Published: 00:01, 22 January 2019
Doctor shortages in Kent have reached a "dangerous situation", it has been claimed after two areas were revealed among the worst GP per patient numbers in England.
Swale is the worst in the entire country, while Thanet was the fourth worst, according to NHS figures.
The numbers show Swale has one doctor for every 3,342 patients - three times more than the best area in the country, Rushcliffe in Nottinghamshire.
In Thanet, there is one doctor per 2,522 patients - putting the area in the lowest 2% nationally with only Bradford, Horsham and Mid Sussex and Swale in a worse position.
Campaigners say the shocking statistics mean health bosses need to change their strategy.
The crisis across Kent is highlighted in an analysis by KentOnline showing five out of the county's eight NHS areas ranked in the lowest 9% in the whole country.
All of Kent's clinical commissioning groups (CCGs) were in the lowest third nationally.
But Canterbury and Coastal CCG - covering Canterbury, Whitstable and Herne Bay - was the best area at 1,942 patients per doctor, ranking it in the lowest 29%.
South Kent Coast CCG (which covers Folkestone, Dover, Deal and Romney Marsh) was second best in the county but still in the bottom 20% with 2,047 patients per doctor.
Meanwhile, West Kent CCG (Tonbridge, Maidstone and Sevenoaks and Tunbridge Wells) has one GP for every 2,123 patients placing it in the lowest 13% in England.
Overall in Kent, there are 101 fewer GPs in the county compared to 2015. The latest figures show Kent has 1,093 GP doctors - down from 1,194 in September 2015.
Surgeries in the county are trying to recruit new GPs with 20 vacancies listed on the Kent Local Medical Committee website.
But this falls well short of the 181 doctors needed to reach the national average, according to a council report due to be discussed this week.
Kent lost 39 GPs in a year between September 2017 and the same month last year, the papers revealed.
Practice managers across the county are struggling to fill GP posts with more than half (53%) unfilled after "at least a year", 12% of all posts vacant and have to rely on locum doctors - who make up 8% of the workforce.
The number of nurses countywide has dropped by 29 from 744 in 2015 to 715 in 2018.
All nurse vacancies in Kent and Medway have been vacant for more than six months, the report added.
NHS leaders will present a report to county councillors at County Hall in Maidstone on Friday outlining a 12-point plan costing £1.5 million.
The plan's aims include an "international GP and primary care recruitment campaign", introducing and developing new roles through the Kent and Medway Medical School, leadership schemes and flexible working schemes to reduce the number of locum posts into full-time positions.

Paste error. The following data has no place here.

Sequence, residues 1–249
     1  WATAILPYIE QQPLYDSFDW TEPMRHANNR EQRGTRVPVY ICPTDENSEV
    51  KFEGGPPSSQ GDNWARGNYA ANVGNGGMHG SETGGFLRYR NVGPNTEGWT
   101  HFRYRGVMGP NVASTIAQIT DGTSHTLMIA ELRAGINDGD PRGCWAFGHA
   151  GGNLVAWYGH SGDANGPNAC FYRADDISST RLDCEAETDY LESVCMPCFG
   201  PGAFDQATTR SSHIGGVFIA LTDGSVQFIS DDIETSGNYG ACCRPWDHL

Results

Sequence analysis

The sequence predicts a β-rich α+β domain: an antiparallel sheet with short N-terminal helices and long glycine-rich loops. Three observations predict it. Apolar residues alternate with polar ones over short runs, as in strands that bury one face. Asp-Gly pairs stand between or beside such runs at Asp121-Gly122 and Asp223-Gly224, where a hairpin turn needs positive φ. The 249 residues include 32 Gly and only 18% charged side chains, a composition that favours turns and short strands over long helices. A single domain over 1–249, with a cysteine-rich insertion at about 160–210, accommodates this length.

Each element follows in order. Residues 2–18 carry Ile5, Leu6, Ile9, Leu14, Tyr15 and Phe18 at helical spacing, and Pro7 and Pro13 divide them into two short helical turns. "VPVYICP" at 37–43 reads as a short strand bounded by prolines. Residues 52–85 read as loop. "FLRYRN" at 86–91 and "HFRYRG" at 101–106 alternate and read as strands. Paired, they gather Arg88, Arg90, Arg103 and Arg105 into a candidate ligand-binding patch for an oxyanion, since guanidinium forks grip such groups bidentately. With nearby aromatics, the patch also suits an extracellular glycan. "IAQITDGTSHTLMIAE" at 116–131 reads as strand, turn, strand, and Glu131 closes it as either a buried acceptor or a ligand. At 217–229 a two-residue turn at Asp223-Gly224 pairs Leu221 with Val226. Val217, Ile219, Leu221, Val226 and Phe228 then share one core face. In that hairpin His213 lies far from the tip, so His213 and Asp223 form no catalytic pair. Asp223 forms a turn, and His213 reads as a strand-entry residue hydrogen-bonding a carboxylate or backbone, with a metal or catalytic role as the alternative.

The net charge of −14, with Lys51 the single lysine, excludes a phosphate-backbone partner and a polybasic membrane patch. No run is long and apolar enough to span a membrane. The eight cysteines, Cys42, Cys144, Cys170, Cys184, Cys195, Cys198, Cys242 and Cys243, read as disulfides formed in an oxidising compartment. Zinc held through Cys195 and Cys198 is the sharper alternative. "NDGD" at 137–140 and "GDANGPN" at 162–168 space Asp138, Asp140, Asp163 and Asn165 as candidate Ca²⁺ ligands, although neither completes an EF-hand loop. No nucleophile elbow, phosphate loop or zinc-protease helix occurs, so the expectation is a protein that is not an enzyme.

Cllr Sue Chandler, chair of Kent County Council's health and scrutiny committee, said the committee requested a report to find out what actions health bosses were taking "to address the primary care workforce challenges".
"The committee sees workforce as an integral issue that is threaded through so many reports regularly presented to them," Cllr Chandler added.
Dr Coral Jones, a member of the Save Our NHS in Kent (SONIK) campaign group, has now called on the NHS to rethink its plan.
She said: "This is a dangerous situation and requires immediate action by NHS bosses including urgent investment in primary care.
"Where there are large numbers of patients per doctor, GPs will become stressed and burnt out, practice staff demoralised and it is dangerous if patients are unable to reach care when needed.
"Health workers want to do their best for patients, not limit access. As a doctor, it’s an impossible situation."
Dr Jones said the number of surgeries in Thanet had already been slashed by a third in the last three years leaving just 14 open as the NHS plans more cuts by introducing "three centralised health care superhubs".
She said losing services in areas like Thanet and Swale "is not the answer" especially when it they are areas with high medical demands, poor transport links and high levels of deprivation.
Dr Jones added: “Thanet and Swale include some of the most deprived parts of the country. Deprivation and social inequality, especially among older residents, cause poor health. Thanet and Swale need more health and social care located in the neighbourhood, not less.
"We need to fund modern premises, training for all staff in a practice and the resources to build up community health teams for integrated local care.
"This is the only way we will attract and keep GPs, while at the same time ensuring good treatment for patients."
Caroline Selkirk, managing director of east Kent CCGs, said: "We know that the recruitment of GPs remains a significant challenge for local GP practices that are responsible for recruiting their own staff.
"However, not all care needs to be provided by a GP and a GP practice will recruit a broad range of clinicians to meet their patients’ needs.
"NHS Thanet CCG continues to work with all our practices to help make sure patients have access to the right type of clinician when they need it.
"We have helped groups of GP practices set up Extended Primary Care Networks to offer a number of additional services across Thanet.
"For instance, the Acute Response Team provides an immediate response for patients who can be cared for at home with an appropriate care package to relieve pressure on local GPs.
"The Thanet area has also recently recruited two GPs through the International GP recruitment project. A third wave of recruitment is set to start in March.
"The opening of the Kent Medical School scheduled for 2020 will also support our efforts to recruit locally in the longer term."